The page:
Postgame Notebook: Yankees lose heartbreaker on Rivera and Pettitte's day
"It's difficult, especially seeing all the players and all the people who came back today," manager Joe Girardi said of the loss, "(because) this team has fought all year long and we're going to have to continue to do it. To lose a game 2-1 when you have opportunities and Andy pitches a tremendous game, it's hard."
Rivera's farewell ceremony delayed the already-delayed start time by just a little bit, but as Joe Girardi predicted pregame, Pettitte wasn't fazed in the slightest. He was perfect into the fifth inning and had a no-hitter into the sixth, when rookie shortstop Ehire Adrianza's solo homer broke up what was shaping up to be an almost picture-perfect storybook ending.
"We were given some heads up that we were a little late, but I thought Andy handled it tremendously," Girardi said. "He came out and threw as good a game as he has all season. It didn't seem to bother him."
A Mark Reynolds solo homer in the third had the Yankees up 1-0 early, and a buzz began circulating in the crowd as folks started to realize that Pettitte had held the Giants to a zero in the middle column of the linescore through the first five -- a fact that wasn't lost on the lefty, either, even if he didn't physically think he could finish.
"I definitely knew that I had a no-hitter; I'd be lying if I sat here and said (I wasn't thinking about it)," Pettitte said. "I felt really good and felt like my command was really good. At this stage, though, I don't think my body will allow me to pitch nine innings; it felt good to dream or think about it, but it helped me mentally in thinking to just make my pitches and go as hard as I can for as long as I can."
Pettitte got it through seven and kept it 1-1, but the wheels fell off the apple cart, so to speak. In the bottom of that frame, singles by Eduardo Nunez and Brendan Ryan and then a passed ball put runners on second and third with one out, but Vernon Wells and Ichiro struck out back-to-back to end any threat.
"We had some opportunities in the seventh and we were weren't able to cash in," Girardi said, "and when you get second and third and nobody out and can't cash in, it's frustrating.
The skipper sent his lefty back out there for the eighth, but as he revealed, it wasn't a decision made to give Pettitte one more batter and take him out for the standing ovation he was sure to (and indeed did) receive."
"Sandoval you want to hit right-handed, and Andy's stuff to me was still really good," Girardi said.
Pettitte was replaced by David Robertson after allowing a double to Sandoval, and after a groundout moved pinch-runner Nick Noonan to third, Girardi stuck with Robertson against Tony Abreu instead of going to an already-warming Rivera, and the result was a double that gave the Giants the lead.
"I had a strikeout pitcher on the mound… Abreu has struggled with curveballs more than any other pitch - he's under .100," Girardi said, "and he ends up hitting a curve ball, maybe his second hit all year on a curveball."
"It's like a worst case scenario, but it happened," Robertson said. "I figured the call would come from the coaches and (catcher) J.R. (Murphy) would know what to put down, so I was going with him. I threw a good curveball, but Abreu hit it…it's a bad break today, and I feel like I let everybody down."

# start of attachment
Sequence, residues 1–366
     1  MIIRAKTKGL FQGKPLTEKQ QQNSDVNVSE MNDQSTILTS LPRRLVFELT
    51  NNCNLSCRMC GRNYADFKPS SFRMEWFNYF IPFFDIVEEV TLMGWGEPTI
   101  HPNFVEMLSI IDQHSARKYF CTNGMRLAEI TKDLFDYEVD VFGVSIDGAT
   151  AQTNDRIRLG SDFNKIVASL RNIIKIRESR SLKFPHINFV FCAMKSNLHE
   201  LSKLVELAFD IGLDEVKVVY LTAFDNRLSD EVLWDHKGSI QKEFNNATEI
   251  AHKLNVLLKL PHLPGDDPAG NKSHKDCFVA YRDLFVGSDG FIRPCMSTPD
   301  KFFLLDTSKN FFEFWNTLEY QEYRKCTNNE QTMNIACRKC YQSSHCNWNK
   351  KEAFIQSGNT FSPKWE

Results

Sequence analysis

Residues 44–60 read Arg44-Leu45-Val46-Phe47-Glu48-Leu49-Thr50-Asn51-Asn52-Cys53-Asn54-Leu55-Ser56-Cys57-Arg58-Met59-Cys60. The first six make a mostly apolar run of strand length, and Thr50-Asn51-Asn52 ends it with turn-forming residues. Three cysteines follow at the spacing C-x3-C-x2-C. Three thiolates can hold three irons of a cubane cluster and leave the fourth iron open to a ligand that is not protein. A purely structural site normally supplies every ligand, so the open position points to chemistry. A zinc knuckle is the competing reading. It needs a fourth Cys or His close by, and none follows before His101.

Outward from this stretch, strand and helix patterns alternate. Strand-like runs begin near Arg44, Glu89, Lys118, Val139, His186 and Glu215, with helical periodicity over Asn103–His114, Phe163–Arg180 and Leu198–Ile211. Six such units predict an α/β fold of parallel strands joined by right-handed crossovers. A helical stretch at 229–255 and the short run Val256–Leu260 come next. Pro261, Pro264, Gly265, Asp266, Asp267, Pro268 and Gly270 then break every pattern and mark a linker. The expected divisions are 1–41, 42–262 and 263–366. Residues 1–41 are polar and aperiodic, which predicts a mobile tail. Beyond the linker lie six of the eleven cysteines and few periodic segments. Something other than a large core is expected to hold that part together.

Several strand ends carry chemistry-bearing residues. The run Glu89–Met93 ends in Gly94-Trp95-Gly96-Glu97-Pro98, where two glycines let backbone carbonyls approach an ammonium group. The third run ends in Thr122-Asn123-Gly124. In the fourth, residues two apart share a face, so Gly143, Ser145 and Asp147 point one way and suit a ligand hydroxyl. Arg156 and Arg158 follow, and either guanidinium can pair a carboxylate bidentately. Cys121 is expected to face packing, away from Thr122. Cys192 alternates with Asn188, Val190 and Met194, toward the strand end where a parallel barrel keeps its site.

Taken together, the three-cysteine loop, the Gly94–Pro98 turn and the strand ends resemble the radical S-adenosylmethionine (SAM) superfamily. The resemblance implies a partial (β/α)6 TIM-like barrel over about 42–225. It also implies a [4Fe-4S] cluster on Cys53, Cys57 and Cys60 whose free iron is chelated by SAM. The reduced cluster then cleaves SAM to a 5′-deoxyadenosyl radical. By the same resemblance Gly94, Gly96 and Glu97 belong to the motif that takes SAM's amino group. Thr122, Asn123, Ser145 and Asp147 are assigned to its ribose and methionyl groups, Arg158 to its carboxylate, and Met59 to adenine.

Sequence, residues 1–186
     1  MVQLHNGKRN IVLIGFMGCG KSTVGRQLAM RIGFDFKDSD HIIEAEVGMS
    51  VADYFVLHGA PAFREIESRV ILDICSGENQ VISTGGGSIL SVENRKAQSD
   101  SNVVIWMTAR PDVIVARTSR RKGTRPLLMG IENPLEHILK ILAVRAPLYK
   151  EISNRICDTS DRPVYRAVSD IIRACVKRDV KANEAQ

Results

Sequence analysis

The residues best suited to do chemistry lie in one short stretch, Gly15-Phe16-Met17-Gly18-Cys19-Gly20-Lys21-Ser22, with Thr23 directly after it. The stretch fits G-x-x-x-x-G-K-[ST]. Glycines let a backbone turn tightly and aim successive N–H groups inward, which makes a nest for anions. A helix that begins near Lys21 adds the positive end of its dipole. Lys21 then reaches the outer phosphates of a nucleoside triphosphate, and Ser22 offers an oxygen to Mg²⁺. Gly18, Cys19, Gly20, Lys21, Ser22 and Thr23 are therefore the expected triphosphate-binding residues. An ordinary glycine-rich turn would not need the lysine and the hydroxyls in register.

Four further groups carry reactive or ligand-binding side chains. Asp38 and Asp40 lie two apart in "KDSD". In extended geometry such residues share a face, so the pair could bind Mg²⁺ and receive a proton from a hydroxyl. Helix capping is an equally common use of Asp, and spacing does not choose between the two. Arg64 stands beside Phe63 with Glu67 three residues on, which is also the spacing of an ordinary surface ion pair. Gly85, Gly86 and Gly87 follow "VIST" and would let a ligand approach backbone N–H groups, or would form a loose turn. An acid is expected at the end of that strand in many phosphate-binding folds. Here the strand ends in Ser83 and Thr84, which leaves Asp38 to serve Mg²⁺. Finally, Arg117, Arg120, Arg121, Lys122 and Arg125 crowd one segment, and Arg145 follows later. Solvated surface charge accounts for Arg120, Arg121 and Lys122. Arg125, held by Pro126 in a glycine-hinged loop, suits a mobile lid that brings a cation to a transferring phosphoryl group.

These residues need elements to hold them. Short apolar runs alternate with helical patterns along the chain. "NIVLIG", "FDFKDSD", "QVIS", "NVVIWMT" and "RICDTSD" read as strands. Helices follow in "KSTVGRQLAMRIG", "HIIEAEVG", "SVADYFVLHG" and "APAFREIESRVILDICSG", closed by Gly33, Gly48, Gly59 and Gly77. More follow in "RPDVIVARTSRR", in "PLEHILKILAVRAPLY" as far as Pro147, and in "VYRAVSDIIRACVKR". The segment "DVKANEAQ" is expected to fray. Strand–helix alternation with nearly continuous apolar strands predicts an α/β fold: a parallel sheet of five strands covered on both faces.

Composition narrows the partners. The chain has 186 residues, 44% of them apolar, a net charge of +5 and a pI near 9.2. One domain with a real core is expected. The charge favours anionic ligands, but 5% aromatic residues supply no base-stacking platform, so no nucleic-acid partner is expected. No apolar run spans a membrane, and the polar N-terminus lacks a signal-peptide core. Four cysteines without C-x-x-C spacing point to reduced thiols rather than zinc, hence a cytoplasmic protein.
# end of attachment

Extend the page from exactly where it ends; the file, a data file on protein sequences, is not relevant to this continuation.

Rivera did come in after that and got two quick outs to end the inning, setting the stage for the last Yankees rally, which started with an Alex Rodriguez single and a double by Robinson Cano - but then, what Girardi acknowledged as a rookie mistake may have cost the Yankees a win.
Alfonso Soriano hit a smash to third baseman Noonan, but Almonte hesitated slightly and then ran home, getting thrown out at the plate by a good margin.
"I think it was just a bad move. It was a young kid maybe trying to do too much," Girardi said.
Curtis Granderson then struck out, and then to add injury to insult, Robinson Cano ended the inning by being cut down at the plate on Eduardo Nunez's single, appearing to tweak something in his leg at some point in the final exchange.
"He turned his ankle and I'm not sure if he did it when he slid or hit the bag, but I think he did it when he slid," Girardi said. "He says he's okay, and we'll see how he feels Tuesday."
Cano stayed in and turned a nifty double play to atone for a defensive miscue and got Rivera out of a ninth-inning jam, but the Yankees were unable to rally and went down 1-2-3 in the ninth.
But if they had tied the game, Girardi said, there was no question who was pitching.
"(Rivera) was going back out there; I think he had 12 pitches at the time," Girardi said. "I've said and he's said it, but Mo has nothing to save in a sense; there is no next year. It's what he does, he gives you everything he has."
Unfortunately, that wasn't enough, and thanks to wins by Kansas City, Cleveland and Tampa Bay earlier Sunday, the Yankees head into the season's final week fifth in the Wild Card chase, four back of the Indians and Rays with six to play and a season-making (or breaking) three-game set with Joe Maddon's club on the horizon.
So, it's not yet a true do-or-die scenario for the Yankees, but as Girardi surmised, the Yankees' latest defeat is likely the last one they can take.
"We're still alive obviously, but this one really hurts," the skipper said, "(and now) absolutely every game is a must win situation."
That statement was echoed by Robertson, who intimated the team knows all they can do now is hold up their end and hope for some help.
"We're in a dogfight. We knew coming into today that we couldn't lose anymore ball games, and nothing's changed," he said. "We just have to come out Tuesday and start a six-game winning streak…that's all we can do."